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PARIS, THE NEW NORMAL? — Diana Johnstone files an in-depth report from Paris on the political reaction to the Charlie Hebdo shootings; The Treachery of the Black Political Class: Margaret Kimberley charts the rise and fall of the Congressional Black Caucus; The New Great Game: Pepe Escobar assays the game-changing new alliance between Russia and Turkey; Will the Frackers Go Bust? Joshua Frank reports on how the collapse of global oil prices might spell the end of the fracking frenzy in the Bakken Shale; The Future of the Giraffe: Ecologist Monica Bond reports from Tanzania on the frantic efforts to save one of the world’s most iconic species. Plus: Jeffrey St. Clair on Satire in the Service of Power; Chris Floyd on the Age of Terrorism and Absurdity; Mike Whitney on the Drop Dead Fed; John Wight on the rampant racism of Clint Eastwood’s “American Sniper;” John Walsh on Hillary Clinton and Lee Ballinger on the Gift of Anger.
Life in Haiti's Tent Camps

Imagine Peoria Under a Blue Tent

by JOHN CARROLL, MD

The small tent camp is located five minutes walking distance from where I stay in Port-au-Prince. It has been here for four years now since the earthquake in 2010 crumbled the city and killed 140,000 people in 47 seconds.

The estimated population of all the tent camps during their glory days after the quake was 1.5 million people. Now, if you believe what you read, in the Port-au-Prince area there are still 247 tent camps remaining with over 130,000 people–a little more than the population of Peoria, Illinois. And thousands of babies have been born in these tents and have never moved out.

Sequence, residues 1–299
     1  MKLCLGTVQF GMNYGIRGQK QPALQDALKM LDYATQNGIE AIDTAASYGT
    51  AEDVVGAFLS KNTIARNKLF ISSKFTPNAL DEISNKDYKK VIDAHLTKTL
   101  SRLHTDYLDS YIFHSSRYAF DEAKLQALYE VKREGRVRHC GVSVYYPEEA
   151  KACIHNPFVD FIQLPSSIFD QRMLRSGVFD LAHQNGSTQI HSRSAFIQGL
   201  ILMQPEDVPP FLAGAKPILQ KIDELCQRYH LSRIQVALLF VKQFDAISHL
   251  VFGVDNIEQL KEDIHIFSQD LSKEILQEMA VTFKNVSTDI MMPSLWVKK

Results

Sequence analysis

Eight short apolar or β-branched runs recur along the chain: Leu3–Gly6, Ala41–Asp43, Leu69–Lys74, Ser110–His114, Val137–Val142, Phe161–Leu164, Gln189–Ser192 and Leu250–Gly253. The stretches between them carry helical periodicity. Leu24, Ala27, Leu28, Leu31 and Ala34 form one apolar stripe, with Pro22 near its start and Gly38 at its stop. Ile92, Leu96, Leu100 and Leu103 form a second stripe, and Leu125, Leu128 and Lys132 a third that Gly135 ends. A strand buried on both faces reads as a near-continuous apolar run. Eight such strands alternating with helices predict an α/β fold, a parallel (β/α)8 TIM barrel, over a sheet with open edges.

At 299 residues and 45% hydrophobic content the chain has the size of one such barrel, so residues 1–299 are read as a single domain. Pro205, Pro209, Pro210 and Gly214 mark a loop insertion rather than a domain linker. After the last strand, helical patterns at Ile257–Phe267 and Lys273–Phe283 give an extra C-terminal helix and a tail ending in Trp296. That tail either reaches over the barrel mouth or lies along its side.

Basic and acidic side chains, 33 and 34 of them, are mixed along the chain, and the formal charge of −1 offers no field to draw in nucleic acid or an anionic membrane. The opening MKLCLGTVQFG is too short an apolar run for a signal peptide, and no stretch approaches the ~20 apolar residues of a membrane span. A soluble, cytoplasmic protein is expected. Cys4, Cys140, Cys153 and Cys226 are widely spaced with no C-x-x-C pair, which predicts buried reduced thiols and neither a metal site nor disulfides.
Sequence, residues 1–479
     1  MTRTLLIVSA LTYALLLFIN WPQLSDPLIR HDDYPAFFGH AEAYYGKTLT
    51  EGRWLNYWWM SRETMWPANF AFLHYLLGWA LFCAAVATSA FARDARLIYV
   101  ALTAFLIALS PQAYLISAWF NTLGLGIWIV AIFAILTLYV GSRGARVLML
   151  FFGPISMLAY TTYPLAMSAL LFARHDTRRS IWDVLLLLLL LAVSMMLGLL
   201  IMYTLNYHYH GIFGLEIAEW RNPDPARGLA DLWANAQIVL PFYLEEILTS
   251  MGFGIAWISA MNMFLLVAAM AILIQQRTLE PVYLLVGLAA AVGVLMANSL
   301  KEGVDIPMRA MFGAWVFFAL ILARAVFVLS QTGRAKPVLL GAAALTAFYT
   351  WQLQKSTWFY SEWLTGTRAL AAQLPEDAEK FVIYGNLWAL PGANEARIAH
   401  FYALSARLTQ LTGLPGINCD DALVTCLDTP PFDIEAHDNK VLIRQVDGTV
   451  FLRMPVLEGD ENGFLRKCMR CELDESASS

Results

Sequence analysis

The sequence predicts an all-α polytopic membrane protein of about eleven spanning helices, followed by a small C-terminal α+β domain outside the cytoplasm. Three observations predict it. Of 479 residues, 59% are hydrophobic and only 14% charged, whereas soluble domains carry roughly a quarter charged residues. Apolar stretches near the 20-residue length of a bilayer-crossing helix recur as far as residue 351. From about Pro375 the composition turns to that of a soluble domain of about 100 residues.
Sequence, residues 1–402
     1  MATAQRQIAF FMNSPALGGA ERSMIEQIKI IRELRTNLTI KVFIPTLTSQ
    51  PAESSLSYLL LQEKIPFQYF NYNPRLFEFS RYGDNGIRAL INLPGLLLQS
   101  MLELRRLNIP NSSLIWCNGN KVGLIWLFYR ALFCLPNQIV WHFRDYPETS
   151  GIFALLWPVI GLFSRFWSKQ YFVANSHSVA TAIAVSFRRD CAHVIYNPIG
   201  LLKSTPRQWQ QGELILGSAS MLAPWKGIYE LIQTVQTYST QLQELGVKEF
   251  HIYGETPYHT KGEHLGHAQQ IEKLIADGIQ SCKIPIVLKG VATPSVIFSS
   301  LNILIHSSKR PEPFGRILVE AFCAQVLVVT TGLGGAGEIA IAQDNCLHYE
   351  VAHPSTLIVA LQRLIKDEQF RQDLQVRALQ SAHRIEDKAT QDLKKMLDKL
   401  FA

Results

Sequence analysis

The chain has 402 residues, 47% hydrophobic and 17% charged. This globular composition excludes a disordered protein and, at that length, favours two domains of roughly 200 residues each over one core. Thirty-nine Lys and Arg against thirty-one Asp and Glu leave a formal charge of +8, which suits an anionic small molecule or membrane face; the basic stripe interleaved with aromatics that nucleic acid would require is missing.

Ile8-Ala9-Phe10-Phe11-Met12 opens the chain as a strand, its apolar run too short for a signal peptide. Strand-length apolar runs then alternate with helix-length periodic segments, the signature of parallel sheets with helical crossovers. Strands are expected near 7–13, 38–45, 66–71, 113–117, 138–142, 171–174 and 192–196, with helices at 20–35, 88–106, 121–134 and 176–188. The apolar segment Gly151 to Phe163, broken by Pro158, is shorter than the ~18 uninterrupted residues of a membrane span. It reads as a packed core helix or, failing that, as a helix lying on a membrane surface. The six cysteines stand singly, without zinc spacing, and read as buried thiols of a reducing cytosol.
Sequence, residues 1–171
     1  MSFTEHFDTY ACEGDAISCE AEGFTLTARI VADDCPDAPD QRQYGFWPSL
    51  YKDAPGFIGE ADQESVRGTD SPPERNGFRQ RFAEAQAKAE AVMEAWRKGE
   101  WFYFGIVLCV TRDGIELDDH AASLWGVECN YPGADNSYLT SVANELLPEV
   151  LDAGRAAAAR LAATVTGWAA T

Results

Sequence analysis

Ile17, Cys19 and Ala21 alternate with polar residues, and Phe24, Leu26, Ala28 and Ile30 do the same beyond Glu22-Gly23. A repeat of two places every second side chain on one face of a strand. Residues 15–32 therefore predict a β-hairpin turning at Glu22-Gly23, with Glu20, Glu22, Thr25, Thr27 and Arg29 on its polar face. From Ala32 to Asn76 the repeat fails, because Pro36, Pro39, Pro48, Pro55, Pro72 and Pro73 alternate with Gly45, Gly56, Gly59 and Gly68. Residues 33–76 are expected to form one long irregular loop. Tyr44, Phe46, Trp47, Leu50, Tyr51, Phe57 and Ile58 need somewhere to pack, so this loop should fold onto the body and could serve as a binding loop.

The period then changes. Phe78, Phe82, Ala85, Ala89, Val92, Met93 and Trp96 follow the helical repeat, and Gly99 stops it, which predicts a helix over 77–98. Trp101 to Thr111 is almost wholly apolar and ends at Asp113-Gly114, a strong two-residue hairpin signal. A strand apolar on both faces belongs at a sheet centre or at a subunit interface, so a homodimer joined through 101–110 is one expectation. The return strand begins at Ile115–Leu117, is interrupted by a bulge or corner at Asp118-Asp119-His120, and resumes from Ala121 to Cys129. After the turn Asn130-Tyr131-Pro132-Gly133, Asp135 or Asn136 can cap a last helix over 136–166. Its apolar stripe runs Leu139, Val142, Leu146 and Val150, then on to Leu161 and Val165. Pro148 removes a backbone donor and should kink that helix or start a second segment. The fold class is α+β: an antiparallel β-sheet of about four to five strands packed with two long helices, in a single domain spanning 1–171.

And the people who have been moved out of the tents are not exactly living in the “build back better” Best Western in Petionville. For thousands of them their conditions continue to be atrocious…some worse than the tents from which they came. And so quite a number of these folks actually move back to the tent camps.

tentcamp

Tent camp, Port-au-Prince, Haiti. Photo: John Carroll.

The tents are stifling hot and during the rainy season, people have to stand up and hold their babies as rain, mud, and sewage flow through their tents. And these camps are not regarded as the safest places in the world for women.

All in all, I feel a huge amount of guilt as I pass these tarps and tents. Something aches deep in my gut as I see these people and their unimaginable living conditions. After four years of this I still continue to stare and don’t know what to do.

John A. Carroll, M.D. is a physician working in Port-au-Prince.